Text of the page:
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Eazy Does It
By David Hochman | Photo: by Saint | Styled by Anastasia Walker | November 26, 2018
On the eve of his fourth major-label album release, rapper-producer-hip-hop hottie G-Eazy opens up about life in the music fast lane.
Gerald Earl Gillum came to music by way of old-school favorites: Beethoven’s Fifth, Vivaldi’s Four Seasons, Dr. Dre’s “Nuthin’ but a ‘G’ Thang.” Before he was known as the rapper G-Eazy, young Gillum soaked up sounds at home in San Francisco’s East Bay, where his grandparents and single mom played lots of classical records, and the kids in the streets and clubs blasted West Coast rap.
Gillum didn’t fit the mold of hip-hop breakout star. Six-foot-four and white with hair slicked back like James Dean, he looked more greaser than gangsta, but his gift with beats and a desire to earn cash and acclaim pushed him toward the mic and the rowdy adoring crowds.
While studying music at Loyola University in New Orleans, he created mixtapes as digital downloads that grew so popular, he was opening for Lil Wayne and Drake before graduating in 2011. He released his first major-label album, These Things Happen, in 2014 and landed his first Top 10 Billboard single the next year with “Me, Myself & I.” World tours, a collab with Britney Spears, and TMZ-tracked canoodles with singers Lana Del Rey and Halsey made him full-on famous. Here’s the man who makes it look eazy being G. @g_eazy
What was the first moment people took notice of you onstage? I was 13 or 14 years old at a little house party for grown-ups with my friend Marty Grimes, who I still perform with. It was his mom’s birthday and she asked the DJ to let us perform. I mostly remember how totally weird it was hearing my voice coming through the speakers over the top of the beat.
You turn 30 in May. Are you more comfortable performing?
I’m working on my fourth major-label release, but it feels like my 40th because of all the projects I’ve done in my life. On one hand, it’s the most natural thing in the world. But you never get used to it. If I could tell myself at a young age that I’d be in front of thousands of people at the O2 Brixton Academy in London or, my God, headlining Oracle Arena in Oakland, where I once sat in the nosebleed seats watching the Golden State Warriors—I wouldn’t have believed it. It’s still surreal.
What do you see as your greatest accomplishment?
Being able to provide for my family. My mom lost her job as a fine arts professor and suffers from chronic pain that’s hard for her career. I made it my mission to take care of her and send her money every month. Her comfort means everything because she struggled so much to raise my brother and me.
Describe your perfect day.
I don’t have a regular schedule like most people. Often, I’m up making music until 4 or 5am, so I’ll sleep into the next day. But a dream day for me would be waking up in time for brunch with my friends. We’d throw something on the grill and hang out at home. Other people might say, ‘I’d go to Paris’ or somewhere, but I spend so much time on the road that home is almost a figment of my imagination. Waking up at my house in L.A. and having nowhere to be—that’s the ridiculous fantasy.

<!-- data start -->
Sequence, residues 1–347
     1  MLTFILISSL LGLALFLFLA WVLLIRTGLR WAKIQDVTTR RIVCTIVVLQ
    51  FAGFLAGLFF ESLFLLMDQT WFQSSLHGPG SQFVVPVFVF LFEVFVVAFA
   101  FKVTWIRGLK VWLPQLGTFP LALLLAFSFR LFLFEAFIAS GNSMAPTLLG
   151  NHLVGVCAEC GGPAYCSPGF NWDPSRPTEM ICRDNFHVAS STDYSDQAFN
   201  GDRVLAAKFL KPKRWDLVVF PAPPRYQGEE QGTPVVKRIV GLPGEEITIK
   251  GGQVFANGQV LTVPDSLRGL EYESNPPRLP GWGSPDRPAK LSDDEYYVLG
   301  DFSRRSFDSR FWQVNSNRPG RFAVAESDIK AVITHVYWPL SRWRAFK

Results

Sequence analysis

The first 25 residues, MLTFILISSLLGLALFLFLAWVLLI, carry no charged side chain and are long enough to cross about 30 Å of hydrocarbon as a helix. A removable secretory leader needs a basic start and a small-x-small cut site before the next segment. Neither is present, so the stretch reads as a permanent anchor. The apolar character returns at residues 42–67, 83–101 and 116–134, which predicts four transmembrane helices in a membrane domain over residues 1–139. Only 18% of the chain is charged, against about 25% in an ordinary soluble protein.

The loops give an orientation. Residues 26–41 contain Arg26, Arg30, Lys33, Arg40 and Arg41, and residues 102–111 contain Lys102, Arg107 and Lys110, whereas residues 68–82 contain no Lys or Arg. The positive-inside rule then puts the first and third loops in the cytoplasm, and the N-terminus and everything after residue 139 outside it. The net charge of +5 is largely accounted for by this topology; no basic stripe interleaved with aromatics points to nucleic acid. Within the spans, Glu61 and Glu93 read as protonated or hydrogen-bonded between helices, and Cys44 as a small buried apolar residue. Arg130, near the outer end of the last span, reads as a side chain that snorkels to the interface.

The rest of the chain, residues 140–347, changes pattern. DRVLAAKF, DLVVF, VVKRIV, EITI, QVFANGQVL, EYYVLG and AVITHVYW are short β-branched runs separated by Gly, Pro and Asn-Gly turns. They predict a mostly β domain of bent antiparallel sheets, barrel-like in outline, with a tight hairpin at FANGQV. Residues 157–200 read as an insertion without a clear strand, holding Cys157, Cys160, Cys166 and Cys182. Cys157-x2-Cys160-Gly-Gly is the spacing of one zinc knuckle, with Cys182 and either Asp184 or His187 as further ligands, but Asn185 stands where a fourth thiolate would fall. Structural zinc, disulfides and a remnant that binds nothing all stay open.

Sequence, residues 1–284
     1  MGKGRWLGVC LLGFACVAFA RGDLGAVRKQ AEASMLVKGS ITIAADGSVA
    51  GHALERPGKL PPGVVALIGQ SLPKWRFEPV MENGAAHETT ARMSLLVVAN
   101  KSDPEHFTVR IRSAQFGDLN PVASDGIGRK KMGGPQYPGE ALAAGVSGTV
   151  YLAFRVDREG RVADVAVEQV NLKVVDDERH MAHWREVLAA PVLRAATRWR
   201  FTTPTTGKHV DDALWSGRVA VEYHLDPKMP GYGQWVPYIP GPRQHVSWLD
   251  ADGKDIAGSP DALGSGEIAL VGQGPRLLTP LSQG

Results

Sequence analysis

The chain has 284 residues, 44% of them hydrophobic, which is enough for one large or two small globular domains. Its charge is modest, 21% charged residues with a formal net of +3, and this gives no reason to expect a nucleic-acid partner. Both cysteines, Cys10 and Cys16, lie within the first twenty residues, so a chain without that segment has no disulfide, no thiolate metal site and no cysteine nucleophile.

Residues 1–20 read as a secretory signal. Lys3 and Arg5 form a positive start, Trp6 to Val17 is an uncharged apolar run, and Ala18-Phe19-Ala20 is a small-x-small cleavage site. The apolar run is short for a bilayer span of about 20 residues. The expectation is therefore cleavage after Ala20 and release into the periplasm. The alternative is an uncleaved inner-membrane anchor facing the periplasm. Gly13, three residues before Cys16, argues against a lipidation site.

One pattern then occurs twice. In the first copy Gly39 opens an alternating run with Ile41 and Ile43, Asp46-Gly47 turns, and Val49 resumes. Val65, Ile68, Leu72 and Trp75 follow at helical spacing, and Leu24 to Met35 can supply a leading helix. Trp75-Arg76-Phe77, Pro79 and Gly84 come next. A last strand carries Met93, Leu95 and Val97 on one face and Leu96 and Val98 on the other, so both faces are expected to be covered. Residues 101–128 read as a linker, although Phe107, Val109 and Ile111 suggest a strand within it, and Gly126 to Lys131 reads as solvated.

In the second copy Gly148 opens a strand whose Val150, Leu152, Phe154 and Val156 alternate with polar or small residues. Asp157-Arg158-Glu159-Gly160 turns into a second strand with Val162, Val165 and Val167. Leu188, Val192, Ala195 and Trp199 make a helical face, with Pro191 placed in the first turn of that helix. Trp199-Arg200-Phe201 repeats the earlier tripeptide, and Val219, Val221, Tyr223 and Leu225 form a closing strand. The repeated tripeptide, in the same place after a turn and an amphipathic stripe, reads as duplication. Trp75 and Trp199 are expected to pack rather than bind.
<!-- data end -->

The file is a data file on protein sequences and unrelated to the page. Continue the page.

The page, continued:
What about a dream collaboration?
Oh, it would be with Drake, no question. He’s the best we’ve ever seen, in my opinion. His level of success in the music industry is unprecedented as far as being prolific at the highest level for more than 10 years. It’s so hard to stick around. This industry will chew you up and spit you out and can be really cruel. I’ve certainly seen the ups and downs. It doesn’t matter how hard you work. It’s this focus on staying young forever. But Drake keeps thriving. He’s like a god to me.
Did you ever have a job outside the music biz?
Lots of them. As soon as I could work, I worked. At 16, I worked at a hot dog place called Top Dog in Oakland. I ran the register and the grill, cleaned up the place at night; [I was] getting home on school nights at 1 in the morning. But, you know, it taught me the process of running the show myself and knowing what it means to carry the weight. And when you’re making $8 an hour at 16, it means being able to buy Air Jordans when you get your paycheck.
No doubt you’ve made some bigger splurges recently.
I still collect sneakers, but, yeah, my Ferrari makes me really happy to drive. It’s a black 488 that looks just like the Batmobile. I’ve gotten it up to 150, which was pretty exciting. I set it as a goal for myself to buy one, and as soon as I turned in my last album, they delivered it.
What’s next for you?
I’ve been truly blessed in my life and gotten to do so many cool things at such a young age. I’m excited about the process of working on this next album, but also of bettering myself and staying in a good headspace. When you’re a performer, especially if you’re touring, life can be kind of like Groundhog Day, where you’re doing more or less the same thing every day. You’re performing the same exact songs, and even the crowds start to look the same. Chances are it’s fun, but there’s that repetition. That repetition can be a grind and the grind can really get to you. The key is self-care. It’s hard because you position yourself to be in a place to receive these blessings, but you also have to learn to say no. You need space to quiet down. I’ve seen what happens to artists who burn out, and it’s not pretty. For me, it’s a matter of remembering that little kid who, at 13 or 14, got up onstage. It’s about prioritizing Gerald as much as I prioritize G-Eazy... and in this game, that can be tough.